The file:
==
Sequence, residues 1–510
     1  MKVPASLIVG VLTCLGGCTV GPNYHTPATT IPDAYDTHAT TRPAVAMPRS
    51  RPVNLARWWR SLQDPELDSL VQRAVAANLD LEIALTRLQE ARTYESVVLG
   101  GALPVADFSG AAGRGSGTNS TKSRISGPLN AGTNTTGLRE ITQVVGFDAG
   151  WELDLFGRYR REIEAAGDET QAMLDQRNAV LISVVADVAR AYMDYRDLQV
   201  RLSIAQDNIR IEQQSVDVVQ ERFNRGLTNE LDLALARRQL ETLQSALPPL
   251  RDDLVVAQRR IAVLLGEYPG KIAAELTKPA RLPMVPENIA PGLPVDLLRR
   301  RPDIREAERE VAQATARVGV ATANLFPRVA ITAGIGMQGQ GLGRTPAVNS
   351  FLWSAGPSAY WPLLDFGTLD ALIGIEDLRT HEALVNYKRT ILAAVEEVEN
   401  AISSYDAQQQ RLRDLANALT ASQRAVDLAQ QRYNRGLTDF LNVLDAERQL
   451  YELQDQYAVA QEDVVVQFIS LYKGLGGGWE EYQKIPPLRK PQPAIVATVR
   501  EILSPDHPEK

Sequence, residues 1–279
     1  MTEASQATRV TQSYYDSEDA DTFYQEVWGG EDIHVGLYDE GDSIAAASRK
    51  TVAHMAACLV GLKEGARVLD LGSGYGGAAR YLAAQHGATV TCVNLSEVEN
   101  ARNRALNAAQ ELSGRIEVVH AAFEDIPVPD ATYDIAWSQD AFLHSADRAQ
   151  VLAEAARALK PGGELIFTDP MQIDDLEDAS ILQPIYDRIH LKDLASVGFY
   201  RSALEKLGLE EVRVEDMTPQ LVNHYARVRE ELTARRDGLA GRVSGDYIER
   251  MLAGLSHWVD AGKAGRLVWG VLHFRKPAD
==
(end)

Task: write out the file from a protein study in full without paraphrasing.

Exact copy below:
Sequence, residues 1–510
     1  MKVPASLIVG VLTCLGGCTV GPNYHTPATT IPDAYDTHAT TRPAVAMPRS
    51  RPVNLARWWR SLQDPELDSL VQRAVAANLD LEIALTRLQE ARTYESVVLG
   101  GALPVADFSG AAGRGSGTNS TKSRISGPLN AGTNTTGLRE ITQVVGFDAG
   151  WELDLFGRYR REIEAAGDET QAMLDQRNAV LISVVADVAR AYMDYRDLQV
   201  RLSIAQDNIR IEQQSVDVVQ ERFNRGLTNE LDLALARRQL ETLQSALPPL
   251  RDDLVVAQRR IAVLLGEYPG KIAAELTKPA RLPMVPENIA PGLPVDLLRR
   301  RPDIREAERE VAQATARVGV ATANLFPRVA ITAGIGMQGQ GLGRTPAVNS
   351  FLWSAGPSAY WPLLDFGTLD ALIGIEDLRT HEALVNYKRT ILAAVEEVEN
   401  AISSYDAQQQ RLRDLANALT ASQRAVDLAQ QRYNRGLTDF LNVLDAERQL
   451  YELQDQYAVA QEDVVVQFIS LYKGLGGGWE EYQKIPPLRK PQPAIVATVR
   501  EILSPDHPEK

Sequence, residues 1–279
     1  MTEASQATRV TQSYYDSEDA DTFYQEVWGG EDIHVGLYDE GDSIAAASRK
    51  TVAHMAACLV GLKEGARVLD LGSGYGGAAR YLAAQHGATV TCVNLSEVEN
   101  ARNRALNAAQ ELSGRIEVVH AAFEDIPVPD ATYDIAWSQD AFLHSADRAQ
   151  VLAEAARALK PGGELIFTDP MQIDDLEDAS ILQPIYDRIH LKDLASVGFY
   201  RSALEKLGLE EVRVEDMTPQ LVNHYARVRE ELTARRDGLA GRVSGDYIER
   251  MLAGLSHWVD AGKAGRLVWG VLHFRKPAD